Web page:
Alexander Thorp, a sophomore in the School of International Service, has been named a 2010 Udall Scholar. The scholarship, intended for sophomore and junior level college students committed to careers related to the environment, tribal public policy or Native American health care, provides $5,000 toward each scholar’s education and a week of leadership training. Alex is one of 80 Udall Scholars selected from a national pool of 537 candidates.
Alex has a career focus of advocating for more sustainable and livable cities by working for a metropolitan planning authority as an urban planner, an interest that developed before he arrived at AU.
"My passion for sustainable urban planning comes from my upbringing in the peculiar suburban town of Southlake, Texas,” said Thorp. “I lived there during a profound transformation from agrarian to suburban. I saw the changes that happened throughout the city and in the people as well.”
Although Alex knew sustainability was important to him, it wasn’t until he arrived on campus that he figured out how to incorporate all his interests into an academic program. “[I had] never quite found the niche where I could combine something which affects me on a very personal level…with my desire to make a positive impact on the world,” he said. “[But] the resources that SIS provides for its undergraduate students are astounding.”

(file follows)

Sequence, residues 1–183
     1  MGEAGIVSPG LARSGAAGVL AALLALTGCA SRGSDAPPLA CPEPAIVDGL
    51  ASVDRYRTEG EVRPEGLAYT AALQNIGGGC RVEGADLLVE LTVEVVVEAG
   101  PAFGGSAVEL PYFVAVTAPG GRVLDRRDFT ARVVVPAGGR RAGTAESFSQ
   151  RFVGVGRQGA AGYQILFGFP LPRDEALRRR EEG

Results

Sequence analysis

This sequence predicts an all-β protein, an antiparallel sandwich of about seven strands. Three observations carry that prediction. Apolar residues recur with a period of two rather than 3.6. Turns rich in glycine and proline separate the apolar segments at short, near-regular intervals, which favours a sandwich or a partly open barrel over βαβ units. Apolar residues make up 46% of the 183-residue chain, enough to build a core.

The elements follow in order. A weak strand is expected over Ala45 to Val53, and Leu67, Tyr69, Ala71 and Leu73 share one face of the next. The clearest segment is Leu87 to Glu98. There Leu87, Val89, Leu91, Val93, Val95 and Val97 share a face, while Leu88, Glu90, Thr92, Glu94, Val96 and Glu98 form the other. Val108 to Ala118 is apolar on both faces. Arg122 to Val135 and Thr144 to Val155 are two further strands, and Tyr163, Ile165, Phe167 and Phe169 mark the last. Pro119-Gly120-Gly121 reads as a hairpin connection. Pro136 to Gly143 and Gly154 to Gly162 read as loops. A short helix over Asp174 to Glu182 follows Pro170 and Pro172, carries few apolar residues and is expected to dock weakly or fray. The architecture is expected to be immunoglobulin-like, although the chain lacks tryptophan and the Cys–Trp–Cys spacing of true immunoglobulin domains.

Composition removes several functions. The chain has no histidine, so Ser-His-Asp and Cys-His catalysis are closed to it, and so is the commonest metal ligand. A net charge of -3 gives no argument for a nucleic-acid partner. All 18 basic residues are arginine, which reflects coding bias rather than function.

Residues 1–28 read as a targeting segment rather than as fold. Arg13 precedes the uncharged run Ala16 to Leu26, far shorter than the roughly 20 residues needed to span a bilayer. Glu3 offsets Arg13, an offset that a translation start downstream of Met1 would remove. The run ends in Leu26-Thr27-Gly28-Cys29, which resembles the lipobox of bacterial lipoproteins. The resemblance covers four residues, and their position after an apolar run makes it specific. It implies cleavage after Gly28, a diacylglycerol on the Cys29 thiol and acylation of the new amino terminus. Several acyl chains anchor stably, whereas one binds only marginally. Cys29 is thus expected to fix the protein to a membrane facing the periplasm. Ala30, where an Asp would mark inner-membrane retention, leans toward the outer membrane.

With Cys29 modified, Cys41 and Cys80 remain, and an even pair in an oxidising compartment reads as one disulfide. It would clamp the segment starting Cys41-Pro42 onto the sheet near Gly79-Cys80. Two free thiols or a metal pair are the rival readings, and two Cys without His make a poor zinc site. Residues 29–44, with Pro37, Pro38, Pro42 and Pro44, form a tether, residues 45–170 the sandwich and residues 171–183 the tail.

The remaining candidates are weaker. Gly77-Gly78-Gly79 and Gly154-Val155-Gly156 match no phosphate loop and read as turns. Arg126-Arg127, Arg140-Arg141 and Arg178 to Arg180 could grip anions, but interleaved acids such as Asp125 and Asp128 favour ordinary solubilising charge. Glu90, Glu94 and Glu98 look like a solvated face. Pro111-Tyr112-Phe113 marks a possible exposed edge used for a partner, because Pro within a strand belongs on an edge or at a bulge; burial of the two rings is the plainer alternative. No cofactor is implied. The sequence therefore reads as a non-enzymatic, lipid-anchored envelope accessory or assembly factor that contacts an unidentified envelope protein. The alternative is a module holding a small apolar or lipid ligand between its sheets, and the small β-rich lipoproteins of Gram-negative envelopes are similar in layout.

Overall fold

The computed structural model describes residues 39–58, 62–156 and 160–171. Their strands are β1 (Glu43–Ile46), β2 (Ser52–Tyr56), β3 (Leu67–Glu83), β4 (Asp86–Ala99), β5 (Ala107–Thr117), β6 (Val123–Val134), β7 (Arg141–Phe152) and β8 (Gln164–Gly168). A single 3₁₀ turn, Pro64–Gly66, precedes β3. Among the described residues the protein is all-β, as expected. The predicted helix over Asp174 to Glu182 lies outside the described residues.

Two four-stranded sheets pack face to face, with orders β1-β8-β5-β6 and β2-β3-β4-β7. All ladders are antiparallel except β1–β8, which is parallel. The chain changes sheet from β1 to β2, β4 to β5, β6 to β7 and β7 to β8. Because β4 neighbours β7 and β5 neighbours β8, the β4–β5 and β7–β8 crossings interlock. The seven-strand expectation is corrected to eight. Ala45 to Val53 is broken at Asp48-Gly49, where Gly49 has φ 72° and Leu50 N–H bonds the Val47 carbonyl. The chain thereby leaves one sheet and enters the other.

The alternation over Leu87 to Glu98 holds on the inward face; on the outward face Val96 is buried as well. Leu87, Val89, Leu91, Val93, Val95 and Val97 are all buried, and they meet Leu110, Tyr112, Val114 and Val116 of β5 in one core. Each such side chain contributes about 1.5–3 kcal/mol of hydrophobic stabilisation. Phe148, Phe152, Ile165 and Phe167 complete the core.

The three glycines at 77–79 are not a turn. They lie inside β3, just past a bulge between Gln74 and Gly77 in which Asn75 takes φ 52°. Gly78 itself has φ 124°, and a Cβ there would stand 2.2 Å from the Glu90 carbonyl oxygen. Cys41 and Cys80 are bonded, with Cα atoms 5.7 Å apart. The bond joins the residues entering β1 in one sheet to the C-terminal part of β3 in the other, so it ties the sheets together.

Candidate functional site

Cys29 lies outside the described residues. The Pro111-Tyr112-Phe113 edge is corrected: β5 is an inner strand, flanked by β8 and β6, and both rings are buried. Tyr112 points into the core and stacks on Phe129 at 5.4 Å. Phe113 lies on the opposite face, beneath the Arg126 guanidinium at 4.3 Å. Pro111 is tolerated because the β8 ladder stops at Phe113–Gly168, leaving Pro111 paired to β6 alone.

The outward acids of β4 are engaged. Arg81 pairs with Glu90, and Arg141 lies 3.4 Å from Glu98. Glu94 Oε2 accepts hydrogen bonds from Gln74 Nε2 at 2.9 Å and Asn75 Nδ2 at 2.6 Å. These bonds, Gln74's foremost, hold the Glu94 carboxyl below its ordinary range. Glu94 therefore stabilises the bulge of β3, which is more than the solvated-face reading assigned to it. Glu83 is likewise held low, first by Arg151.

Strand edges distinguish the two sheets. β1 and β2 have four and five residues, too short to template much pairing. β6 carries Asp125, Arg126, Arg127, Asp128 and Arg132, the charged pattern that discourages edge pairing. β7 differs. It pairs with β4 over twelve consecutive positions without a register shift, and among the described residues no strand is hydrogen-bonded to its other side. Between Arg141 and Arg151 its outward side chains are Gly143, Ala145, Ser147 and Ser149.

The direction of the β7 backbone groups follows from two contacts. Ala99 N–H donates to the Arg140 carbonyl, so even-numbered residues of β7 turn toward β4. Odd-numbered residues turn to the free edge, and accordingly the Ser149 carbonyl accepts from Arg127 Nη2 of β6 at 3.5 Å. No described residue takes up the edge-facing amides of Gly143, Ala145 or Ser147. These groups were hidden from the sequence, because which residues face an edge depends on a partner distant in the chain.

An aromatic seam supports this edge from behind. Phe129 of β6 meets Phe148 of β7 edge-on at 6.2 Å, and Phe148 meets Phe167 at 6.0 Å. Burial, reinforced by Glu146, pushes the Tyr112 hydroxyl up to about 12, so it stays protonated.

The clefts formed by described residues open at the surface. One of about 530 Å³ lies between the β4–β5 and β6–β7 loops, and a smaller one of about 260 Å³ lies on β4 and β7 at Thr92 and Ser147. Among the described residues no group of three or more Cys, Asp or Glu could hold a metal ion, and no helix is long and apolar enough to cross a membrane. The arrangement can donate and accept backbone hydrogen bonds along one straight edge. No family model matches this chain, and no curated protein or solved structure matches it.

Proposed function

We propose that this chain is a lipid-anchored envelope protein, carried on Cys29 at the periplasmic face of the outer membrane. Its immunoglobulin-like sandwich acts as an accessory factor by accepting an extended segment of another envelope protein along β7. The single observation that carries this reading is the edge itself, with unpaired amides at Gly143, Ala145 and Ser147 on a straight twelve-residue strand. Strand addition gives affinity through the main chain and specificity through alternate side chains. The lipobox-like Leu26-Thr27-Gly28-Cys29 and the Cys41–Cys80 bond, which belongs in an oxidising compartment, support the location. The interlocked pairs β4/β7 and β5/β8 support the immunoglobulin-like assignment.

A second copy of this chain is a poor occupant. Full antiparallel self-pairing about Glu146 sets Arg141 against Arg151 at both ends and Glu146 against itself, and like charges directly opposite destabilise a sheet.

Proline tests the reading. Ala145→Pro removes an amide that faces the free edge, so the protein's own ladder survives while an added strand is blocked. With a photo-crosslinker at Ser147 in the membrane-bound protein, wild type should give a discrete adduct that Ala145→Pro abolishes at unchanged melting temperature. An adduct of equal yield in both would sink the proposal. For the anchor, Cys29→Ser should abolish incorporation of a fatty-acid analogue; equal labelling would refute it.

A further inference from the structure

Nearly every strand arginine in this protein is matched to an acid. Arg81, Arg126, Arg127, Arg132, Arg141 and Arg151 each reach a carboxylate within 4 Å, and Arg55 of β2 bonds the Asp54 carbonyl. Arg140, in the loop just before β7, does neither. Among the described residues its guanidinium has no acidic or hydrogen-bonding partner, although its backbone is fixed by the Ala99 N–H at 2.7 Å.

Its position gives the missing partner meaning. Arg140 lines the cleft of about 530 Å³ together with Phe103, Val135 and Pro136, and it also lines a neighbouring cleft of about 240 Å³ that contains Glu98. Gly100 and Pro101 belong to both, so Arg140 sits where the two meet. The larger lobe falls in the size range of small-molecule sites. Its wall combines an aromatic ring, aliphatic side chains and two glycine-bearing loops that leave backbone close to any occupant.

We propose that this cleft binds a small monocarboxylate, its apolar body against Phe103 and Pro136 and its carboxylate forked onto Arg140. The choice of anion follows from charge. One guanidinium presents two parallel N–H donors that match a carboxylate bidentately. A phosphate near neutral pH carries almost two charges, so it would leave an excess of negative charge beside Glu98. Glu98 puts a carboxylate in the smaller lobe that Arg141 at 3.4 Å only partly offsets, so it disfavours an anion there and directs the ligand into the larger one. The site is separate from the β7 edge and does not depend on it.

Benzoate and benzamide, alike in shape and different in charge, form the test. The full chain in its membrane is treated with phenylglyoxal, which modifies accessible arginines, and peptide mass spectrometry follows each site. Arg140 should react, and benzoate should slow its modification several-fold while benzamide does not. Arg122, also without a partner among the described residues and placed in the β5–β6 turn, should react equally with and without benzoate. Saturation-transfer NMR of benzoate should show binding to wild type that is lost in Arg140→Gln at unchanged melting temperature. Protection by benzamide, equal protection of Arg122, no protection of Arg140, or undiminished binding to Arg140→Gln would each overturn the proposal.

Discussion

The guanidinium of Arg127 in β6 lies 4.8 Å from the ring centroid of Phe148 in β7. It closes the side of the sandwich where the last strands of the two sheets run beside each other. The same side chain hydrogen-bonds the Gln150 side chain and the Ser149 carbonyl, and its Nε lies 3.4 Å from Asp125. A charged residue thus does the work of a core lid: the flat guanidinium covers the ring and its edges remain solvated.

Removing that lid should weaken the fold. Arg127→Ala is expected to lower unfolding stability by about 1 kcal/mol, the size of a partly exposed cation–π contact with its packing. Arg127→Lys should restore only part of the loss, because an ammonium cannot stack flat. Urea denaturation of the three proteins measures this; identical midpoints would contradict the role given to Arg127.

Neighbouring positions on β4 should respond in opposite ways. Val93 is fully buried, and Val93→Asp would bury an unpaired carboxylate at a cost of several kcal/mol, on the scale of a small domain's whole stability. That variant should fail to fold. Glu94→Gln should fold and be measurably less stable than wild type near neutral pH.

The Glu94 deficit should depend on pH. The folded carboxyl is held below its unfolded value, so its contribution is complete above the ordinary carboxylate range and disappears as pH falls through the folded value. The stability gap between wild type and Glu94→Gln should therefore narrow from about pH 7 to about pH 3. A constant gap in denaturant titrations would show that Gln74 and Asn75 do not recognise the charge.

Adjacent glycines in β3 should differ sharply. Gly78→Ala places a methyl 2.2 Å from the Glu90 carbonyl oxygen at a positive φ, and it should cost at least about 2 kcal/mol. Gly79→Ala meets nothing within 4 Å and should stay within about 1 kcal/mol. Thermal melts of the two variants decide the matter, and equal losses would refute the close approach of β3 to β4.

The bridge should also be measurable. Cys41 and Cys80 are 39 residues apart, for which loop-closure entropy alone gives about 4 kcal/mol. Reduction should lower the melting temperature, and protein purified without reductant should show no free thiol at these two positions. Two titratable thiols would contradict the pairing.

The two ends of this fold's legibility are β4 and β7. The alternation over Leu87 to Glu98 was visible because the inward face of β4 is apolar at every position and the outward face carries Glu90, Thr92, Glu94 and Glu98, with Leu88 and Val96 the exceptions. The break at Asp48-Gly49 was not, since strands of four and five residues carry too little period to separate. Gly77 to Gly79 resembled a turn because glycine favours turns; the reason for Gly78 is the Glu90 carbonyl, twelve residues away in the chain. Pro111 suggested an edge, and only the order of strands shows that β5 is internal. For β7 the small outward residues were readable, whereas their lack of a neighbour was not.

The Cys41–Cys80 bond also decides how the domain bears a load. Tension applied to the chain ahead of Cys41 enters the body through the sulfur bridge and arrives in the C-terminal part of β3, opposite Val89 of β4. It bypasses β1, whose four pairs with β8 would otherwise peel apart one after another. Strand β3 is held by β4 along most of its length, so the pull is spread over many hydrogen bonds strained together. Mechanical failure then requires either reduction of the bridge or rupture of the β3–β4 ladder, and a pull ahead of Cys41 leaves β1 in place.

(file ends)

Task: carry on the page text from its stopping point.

Alex jumped right into the AU experience and has gained recognition several times throughout his short college career. In 2009, Alex was one of 19 undergraduates nationwide to receive the Canadian Killam Fellowship which has allowed him to spend this semester studying urban planning and geography at Mount Allison University in New Brunswick, Canada. In addition to being an Udall Scholar and Killam Fellow, in 2009 Alex won the Norwegian Embassy Essay Contest which funded him to travel to the University of Tromso in northern Norway to discuss Arctic science and politics with environmental experts. Alex has also been chosen as a recipient of a 2010 American University Undergraduate Research Grant.
Key to Alex’s success in winning national scholarships has been pursuing as many opportunities as possible and using each application as a chance to further clarify his career goals. “It never hurts to try,” he said. “The effort that staff [in the Office of Merit Awards] put into helping you think about where you want to go and how best to get there is incredible. Winning ends up being almost a bonus for the application process.”
Of course, Alex’s leadership abilities and unwavering commitment to the environment have also contributed to his success. According to instructor Eve Bratman, one of his scholarship mentors, “Alex’s pursuit of political ecology issues is heartfelt and his engagement in environmental issues goes well beyond the classroom.” Assistant professor Simon Nicholson also mentored Alex.
Alex is active on campus with the student environmental club, Eco-Sense, and last semester arranged for AU students to attend the congressional hearings on national climate change. He is also active off campus and may add filmmaking to his list of accomplishments—he and his sister plan to produce a documentary this summer about the damaging effects car-centric lifestyles have on the environment.
Alex is one of eight Udall Scholars from American University. In 2008 AU was among the top three universities in the country with three scholars named that year.